LMA Q&A — Meet Jennifer Gamber

 

LMA Q&AJennifer Gamber

Jennifer Gamber is a marketing and business development strategist at Marshall, Gerstein & Borun LLP in Chicago. She holds a B.B.A. in business journalism from Baylor University and an M.A. in journalism from Michigan State University, and she began her career as a journalist for the Planning & Zoning News. From there, Jennifer moved into marketing, first with Reuseit.com and then CGN Blackwell Consulting, before moving to Marshall, Gerstein & Borun earlier this year. Jennifer recently joined the Legal Marketing Association (LMA) and is the new editor of In the Loop.

Q. How have your journalism studies and professional experience helped you in your marketing roles?  In legal marketing specifically?

In the years since I began journalism school, the Internet has redefined the role of a journalist and reshaped how customers make decisions. This has blurred the line between journalism and marketing, making my background extremely helpful throughout my career path. Many consumers, whether B2B or B2C, favor the Internet, blogs and their social networks when making buying decisions, and they expect to be able to find a wealth of information on any product or service before buying in. I have worked with a retailer, a consulting firm and now a law firm to create content that satisfies consumers’ and clients’ need for information. My journalism background has proven invaluable in helping organizations expand and mature their written collateral, especially online.

Working for a trade magazine required me to routinely interview experts from academia, business, government, science and other niche industries. This training taught me how to talk to technical experts, synthesize complex information and cull out a compelling story that resonates with a broader audience. That might be my biggest gain.

Q. You had been in marketing roles with businesses outside the legal profession for a few years before joining the marketing department. What was the appeal of a transition to legal marketing?

I love the fact that legal marketing, in my experience, is so dependent on reputation, quality and exceeding customer expectations. It’s about getting the word out about exceptional work that talented lawyers and the firm are accomplishing, and this is an exciting change from the harder sell required in retail marketing.

Q. What are some of the similarities and differences you can see between professional services marketing in a consulting firm such as CGN Blackwell Consulting and a law firm?

In my experience, a lot of lawyers are modern content marketers, though they may not even realize it. By that, I mean they recognize the importance of establishing reputation, publishing thought leadership and branding themselves within their professional and client communities. Emphasis on individual personalities resonates with today’s clients, especially web users. Those are the kind of activities that many consulting firms are only beginning to capitalize on, but this focus seems to come naturally to law firms. On the flip side, a business development perspective is second nature to consulting firms, but this is relatively new to the legal field.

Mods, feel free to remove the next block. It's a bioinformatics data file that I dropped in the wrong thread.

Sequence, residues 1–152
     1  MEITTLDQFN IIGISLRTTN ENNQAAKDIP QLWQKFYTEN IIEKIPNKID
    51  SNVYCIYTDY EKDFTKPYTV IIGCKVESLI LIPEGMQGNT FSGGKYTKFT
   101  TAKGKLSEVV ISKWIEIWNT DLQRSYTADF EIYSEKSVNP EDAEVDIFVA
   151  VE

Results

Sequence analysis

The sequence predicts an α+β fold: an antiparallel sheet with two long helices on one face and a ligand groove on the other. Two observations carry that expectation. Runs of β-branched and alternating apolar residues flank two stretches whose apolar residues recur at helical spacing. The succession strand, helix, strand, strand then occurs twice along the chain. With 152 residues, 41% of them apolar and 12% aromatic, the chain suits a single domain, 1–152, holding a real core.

At CGN Blackwell and Marshall, Gerstein & Borun, my experiences have been similar in the ease of finding content to produce. When working with consultants and attorneys who have such extensive academic and professional interests, there is never a dearth of topics or content waiting to be turned into an article, a brochure, web content or a white paper. I learn something new every day, and that’s why I am passionate about professional services marketing in general.

Q. What sort of feedback and mentoring from your superiors and other seasoned marketers do you find most valuable? Why?

Kind of like publicity, I believe there’s no such thing as bad feedback. My colleagues have years of experience in the legal marketing field and understand the nuances that enable legal marketing and business development initiatives to be truly successful. I especially value their insights specific to the intellectual property field and the most effective ways to communicate to our clients and attorneys whose talents run the gamut—inventors, scientists, academics, medical professionals... the list goes on.

Q. Why did you decide to take on the role of editor of In the Loop?

Throughout my career, I’ve worked on newsletters for various associations, and I saw this as a great opportunity to bring my experience to an exceptional professional organization. I am so impressed by the level of engagement the LMA community has and was excited to play a part in facilitating communication among our members. Already, I’ve met many talented and fun LMA members, and I am grateful for the opportunity to take on this role.

Q. What do you do for fun?

I’m pretty adventurous and find fun in (almost) anything, so I’ll try to keep this short. Generally, I like being outdoors, taking a class to learn something new, yoga and, most of all, traveling. Nothing has shaped my life or world view as much as international travel, especially trips to China, India and Korea, and I try to do as much of it as possible. This year, I’m off to New Zealand to visit my mom’s side of the family. When I need a break, I love reading non-fiction books on just about any topic. I just finished a great one on Google called In the Plex.

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